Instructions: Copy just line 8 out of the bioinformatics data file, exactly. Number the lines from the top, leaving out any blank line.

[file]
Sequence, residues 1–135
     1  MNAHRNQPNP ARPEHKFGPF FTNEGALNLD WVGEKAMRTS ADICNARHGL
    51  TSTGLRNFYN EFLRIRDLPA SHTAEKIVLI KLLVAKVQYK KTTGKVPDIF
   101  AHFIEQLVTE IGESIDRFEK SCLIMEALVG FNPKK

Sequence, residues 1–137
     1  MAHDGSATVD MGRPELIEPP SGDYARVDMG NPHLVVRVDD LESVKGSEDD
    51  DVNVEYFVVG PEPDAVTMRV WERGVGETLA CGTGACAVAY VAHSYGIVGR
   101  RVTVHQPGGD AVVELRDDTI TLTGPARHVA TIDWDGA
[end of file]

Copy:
   101  RVTVHQPGGD AVVELRDDTI TLTGPARHVA TIDWDGA